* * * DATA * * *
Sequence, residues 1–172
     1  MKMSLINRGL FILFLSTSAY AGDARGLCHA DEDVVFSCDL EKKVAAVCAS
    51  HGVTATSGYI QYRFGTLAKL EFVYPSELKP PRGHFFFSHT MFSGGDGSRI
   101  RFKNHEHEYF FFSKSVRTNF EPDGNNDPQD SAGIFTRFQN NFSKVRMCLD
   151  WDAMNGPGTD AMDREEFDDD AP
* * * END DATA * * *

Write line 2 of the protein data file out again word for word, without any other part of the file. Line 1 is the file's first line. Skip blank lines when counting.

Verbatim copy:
     1  MKMSLINRGL FILFLSTSAY AGDARGLCHA DEDVVFSCDL EKKVAAVCAS